UK immigration inspector says UKBA ignored police data on missing asylum seekers
03 July 2013
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The UK's chief inspector of immigration, John Vine, has issued a final damning report into the workings of the UK Border Agency (UKBA) which was abolished in March 2013. He found that, while there had been improvements in the organisation's systems for finding asylum seekers in its final months, it continued to ignore important data right up until the end.
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Mr Vine has been the UK's chief inspector of immigration since 2008. He was recently reappointed and will stay in his position until July 2015. He is considered by the Home Affairs Committee, a committee of MPs which oversees the work of the Home Office, to have been successful in discovering inefficiency and bad practice in the UK's immigration authorities.
In November 2012, Mr Vine's office issued a report into the working of the UKBA's handling of 'legacy asylum cases'. These were asylum claims which had been 'lost' by the UKBA and left undecided, often for many years. In 2006, an internal review in the Immigration and Nationality Directorate of the Home Office, which then handled UK immigration, had uncovered some 450,000 such cases which had not been dealt with. The UKBA was established in 2008 and instructed to clear this backlog by 2011.
UKBA failed to deal with asylum backlogThe UKBA failed to deal with the backlog and has been frequently criticised by the House of Commons Home Affairs Committee for its inefficiency. In early 2013, there were still 310,000 cases awaiting decision.
Mr Vine's November 2012 report found that the UKBA's systems for finding and deporting failed asylum seekers were chaotic and inefficient.
For example, in its efforts to find 74,500 claimants who had 'disappeared', the UKBA said that it had checked each file against a range of government databases in order to find out more information about the claimants and, perhaps, to find them. Jonathan Sedgwick, a former acting head of the organisation, told the Home Affairs Committee in April 2011 that the Agency had made 'exhaustive checks' on all 74,500 files against 19 government databases.
Mr Vine's inspections established that this was not true and that, in many instances, no checks at all had been made. Mr Sedgwick was forced to appear again before the committee in November 2012 and to apologise for 'inadvertently' misleading parliament.
In his November 2012 report, Mr Vine made several recommendations for improving performance. In December 2012, the Home Secretary, Theresa May, asked Mr Vine to report again on how well the UKBA had implemented the recommendations of his previous report.
UKBA made some progress in early 2013Mr Vine issued this follow-up report on 26th June 2013. It covers the period of January to March 2013. It says that, during this period, the UKBA made some progress in implementing his previous recommendations but was still far from perfect.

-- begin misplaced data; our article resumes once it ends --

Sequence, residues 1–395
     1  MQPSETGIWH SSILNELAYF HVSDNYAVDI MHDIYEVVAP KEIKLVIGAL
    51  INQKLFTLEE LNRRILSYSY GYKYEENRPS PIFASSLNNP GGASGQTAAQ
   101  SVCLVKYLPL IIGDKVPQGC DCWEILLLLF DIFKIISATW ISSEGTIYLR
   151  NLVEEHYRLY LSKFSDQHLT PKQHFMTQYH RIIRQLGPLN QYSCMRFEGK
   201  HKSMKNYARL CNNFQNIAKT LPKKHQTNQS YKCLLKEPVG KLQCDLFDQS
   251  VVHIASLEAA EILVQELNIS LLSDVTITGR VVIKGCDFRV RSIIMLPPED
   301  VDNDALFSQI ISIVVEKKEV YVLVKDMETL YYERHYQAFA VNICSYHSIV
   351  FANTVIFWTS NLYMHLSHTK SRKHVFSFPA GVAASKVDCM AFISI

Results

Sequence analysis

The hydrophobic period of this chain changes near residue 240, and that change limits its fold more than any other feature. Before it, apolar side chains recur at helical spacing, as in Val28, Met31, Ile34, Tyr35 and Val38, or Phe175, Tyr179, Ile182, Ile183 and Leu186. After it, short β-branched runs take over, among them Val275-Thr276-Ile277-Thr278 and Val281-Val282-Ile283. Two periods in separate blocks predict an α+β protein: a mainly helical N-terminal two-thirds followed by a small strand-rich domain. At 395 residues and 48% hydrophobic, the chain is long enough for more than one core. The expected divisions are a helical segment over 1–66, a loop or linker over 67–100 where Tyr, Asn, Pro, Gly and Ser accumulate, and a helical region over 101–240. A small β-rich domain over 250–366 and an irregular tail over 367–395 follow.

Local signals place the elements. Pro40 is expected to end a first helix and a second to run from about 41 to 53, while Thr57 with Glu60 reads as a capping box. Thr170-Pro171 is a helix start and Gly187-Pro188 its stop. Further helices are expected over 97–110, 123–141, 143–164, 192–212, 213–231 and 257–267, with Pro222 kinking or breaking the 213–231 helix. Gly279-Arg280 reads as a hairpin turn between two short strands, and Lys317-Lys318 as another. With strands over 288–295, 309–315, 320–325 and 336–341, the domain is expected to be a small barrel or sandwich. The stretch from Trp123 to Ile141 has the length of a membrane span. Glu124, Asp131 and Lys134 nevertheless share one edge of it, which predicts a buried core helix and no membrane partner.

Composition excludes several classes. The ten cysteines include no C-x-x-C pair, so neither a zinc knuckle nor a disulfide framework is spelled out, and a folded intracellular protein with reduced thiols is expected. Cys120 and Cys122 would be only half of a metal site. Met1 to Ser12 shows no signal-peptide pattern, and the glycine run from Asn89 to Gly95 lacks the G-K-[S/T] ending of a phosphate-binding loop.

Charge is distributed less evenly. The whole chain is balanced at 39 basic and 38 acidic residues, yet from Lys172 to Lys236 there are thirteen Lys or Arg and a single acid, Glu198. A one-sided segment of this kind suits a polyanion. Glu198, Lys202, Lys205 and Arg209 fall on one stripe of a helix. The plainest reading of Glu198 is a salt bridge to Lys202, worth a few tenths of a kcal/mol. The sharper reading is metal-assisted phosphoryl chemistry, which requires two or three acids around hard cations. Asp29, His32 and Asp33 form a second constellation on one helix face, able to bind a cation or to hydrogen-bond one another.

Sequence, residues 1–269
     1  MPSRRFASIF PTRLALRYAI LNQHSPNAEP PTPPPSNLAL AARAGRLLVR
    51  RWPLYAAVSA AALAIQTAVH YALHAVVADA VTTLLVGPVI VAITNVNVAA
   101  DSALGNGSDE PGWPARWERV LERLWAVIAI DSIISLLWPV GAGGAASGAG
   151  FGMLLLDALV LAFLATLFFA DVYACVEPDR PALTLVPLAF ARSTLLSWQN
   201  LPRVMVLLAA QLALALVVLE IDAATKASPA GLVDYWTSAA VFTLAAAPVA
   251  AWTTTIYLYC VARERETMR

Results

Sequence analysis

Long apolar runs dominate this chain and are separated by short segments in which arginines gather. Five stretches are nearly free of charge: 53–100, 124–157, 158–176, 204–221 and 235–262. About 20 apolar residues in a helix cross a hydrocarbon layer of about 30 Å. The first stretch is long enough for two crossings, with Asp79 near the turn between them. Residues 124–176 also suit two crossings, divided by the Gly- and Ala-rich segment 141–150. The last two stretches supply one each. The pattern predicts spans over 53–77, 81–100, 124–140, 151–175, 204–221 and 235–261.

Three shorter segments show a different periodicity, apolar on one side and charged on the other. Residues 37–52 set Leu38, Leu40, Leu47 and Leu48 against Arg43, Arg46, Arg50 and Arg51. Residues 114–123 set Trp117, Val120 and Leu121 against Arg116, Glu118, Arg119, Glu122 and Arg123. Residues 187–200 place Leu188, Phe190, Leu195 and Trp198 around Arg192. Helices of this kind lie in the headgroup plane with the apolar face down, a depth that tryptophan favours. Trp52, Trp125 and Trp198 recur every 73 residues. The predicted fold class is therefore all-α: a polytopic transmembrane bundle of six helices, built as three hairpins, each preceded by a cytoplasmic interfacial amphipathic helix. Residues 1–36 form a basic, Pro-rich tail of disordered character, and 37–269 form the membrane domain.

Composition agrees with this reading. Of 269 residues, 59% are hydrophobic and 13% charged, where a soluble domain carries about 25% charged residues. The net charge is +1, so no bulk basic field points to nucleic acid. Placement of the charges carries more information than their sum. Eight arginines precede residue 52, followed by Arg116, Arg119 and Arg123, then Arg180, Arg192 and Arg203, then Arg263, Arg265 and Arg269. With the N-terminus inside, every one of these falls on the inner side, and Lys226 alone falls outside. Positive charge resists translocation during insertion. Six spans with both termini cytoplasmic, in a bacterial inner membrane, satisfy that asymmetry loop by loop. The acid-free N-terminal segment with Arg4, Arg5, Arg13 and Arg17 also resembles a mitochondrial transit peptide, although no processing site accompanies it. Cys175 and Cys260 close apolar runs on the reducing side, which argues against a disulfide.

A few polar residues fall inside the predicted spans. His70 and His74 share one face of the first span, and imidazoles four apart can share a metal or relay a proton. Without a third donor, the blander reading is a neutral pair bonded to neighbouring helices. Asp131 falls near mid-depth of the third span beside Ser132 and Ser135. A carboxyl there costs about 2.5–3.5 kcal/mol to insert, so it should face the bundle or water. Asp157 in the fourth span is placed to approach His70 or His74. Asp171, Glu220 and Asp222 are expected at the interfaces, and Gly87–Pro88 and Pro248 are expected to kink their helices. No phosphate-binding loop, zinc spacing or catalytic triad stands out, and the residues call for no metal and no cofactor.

He found that UKBA staff were implementing many of his recommendations. But there were some significant failures. There were many older cases which had been transferred from paper files. Staff did not check the paper file to see if more information was held in the paper file. The UKBA now uses electronic files but older cases were originally held on paper.
Mr Vine found that some information and documentation in the paper files was missing in the new computerised filing system. He recommended that UKBA staff should always check the paper file when dealing with such a case to check to see if there was further information on paper.
Mr Vine found that the UKBA wrote to about 105,000 legacy asylum claimants. They received 25,500 responses and have reopened those files. They have closed 80,300 because the people in question could not be found but Mr Vine found that the Agency had not followed up any 'hits', or positive matches, found on the Police National Computer.
UKBA failed to pursue over 3,000 hits on Police National ComputerMr Vine reports that of the 105,000 names checked against the PNC, there were 3,077 matches. This means that the individual who claimed asylum, or someone with an identical name, had been in contact with the police. The police therefore had contact details for those people which may have been more up-to-date than those on the UKBA system.
Having asked the police to make the checks, the UKBA then made no use of the data. Mr Vine said that there seemed to be 'no rationale' for this failure. He has recommended that the UK immigration authorities should follow up all 3,077 leads as soon as possible.
He also found that, where the UKBA had reopened files after a computer check had revealed a 'hit', it had taken no action since reopening them. He recommends that now that they have been reopened, they should be completed one way or another.
He also recommends that UK immigration should
- Publish a realistic and achievable timescale for the completion of all legacy asylum and migration cases.
- Prioritise the implementation and conclusion of all outstanding recommendations from the previous report.
- Undertake its own sample of closed legacy asylum and migration cases in order to determine whether information contained in the paper files can help it trace a greater number of applicants.
- Takes action to:
- review all 3,077 PNC positive hits to determine whether these records contain contact information that can be used to locate and trace applicants; and
- refine its bulk data-matching methodology and follow up all 'maybe' hits to determine whether applicants can be traced